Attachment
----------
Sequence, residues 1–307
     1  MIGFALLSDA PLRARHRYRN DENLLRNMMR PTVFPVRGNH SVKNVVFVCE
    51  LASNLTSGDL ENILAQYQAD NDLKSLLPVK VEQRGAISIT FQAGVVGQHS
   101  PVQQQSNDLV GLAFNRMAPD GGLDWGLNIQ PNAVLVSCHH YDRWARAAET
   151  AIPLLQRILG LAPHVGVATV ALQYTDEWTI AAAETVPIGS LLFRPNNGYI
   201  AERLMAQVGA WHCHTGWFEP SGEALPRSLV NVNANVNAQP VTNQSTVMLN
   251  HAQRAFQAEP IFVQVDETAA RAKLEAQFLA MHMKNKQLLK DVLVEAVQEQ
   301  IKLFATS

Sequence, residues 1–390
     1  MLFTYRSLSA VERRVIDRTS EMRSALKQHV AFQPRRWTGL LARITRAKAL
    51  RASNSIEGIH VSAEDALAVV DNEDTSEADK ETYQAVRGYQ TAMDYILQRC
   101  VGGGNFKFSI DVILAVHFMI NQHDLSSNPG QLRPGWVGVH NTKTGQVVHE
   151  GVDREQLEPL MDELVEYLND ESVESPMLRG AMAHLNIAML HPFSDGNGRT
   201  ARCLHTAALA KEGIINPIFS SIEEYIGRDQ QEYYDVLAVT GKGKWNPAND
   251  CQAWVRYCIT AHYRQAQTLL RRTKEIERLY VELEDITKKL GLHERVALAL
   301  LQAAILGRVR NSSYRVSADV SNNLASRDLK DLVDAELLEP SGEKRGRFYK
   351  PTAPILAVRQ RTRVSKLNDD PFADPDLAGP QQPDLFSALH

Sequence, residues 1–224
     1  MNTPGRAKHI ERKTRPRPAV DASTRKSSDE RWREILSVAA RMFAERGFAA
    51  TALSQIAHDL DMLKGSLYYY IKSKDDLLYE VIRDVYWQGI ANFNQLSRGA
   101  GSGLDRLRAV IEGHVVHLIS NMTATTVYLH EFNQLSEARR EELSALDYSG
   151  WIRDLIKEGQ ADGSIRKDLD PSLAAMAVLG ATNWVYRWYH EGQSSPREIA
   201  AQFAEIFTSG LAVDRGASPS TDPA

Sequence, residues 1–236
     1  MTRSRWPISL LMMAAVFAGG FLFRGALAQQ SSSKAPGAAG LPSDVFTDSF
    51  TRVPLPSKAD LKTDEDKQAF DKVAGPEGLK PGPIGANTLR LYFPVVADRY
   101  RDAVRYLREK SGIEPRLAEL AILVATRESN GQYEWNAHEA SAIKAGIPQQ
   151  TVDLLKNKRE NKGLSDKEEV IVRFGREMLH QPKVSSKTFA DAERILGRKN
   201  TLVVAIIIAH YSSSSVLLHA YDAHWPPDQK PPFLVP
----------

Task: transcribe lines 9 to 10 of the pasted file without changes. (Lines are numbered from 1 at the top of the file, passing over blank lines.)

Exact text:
Sequence, residues 1–390
     1  MLFTYRSLSA VERRVIDRTS EMRSALKQHV AFQPRRWTGL LARITRAKAL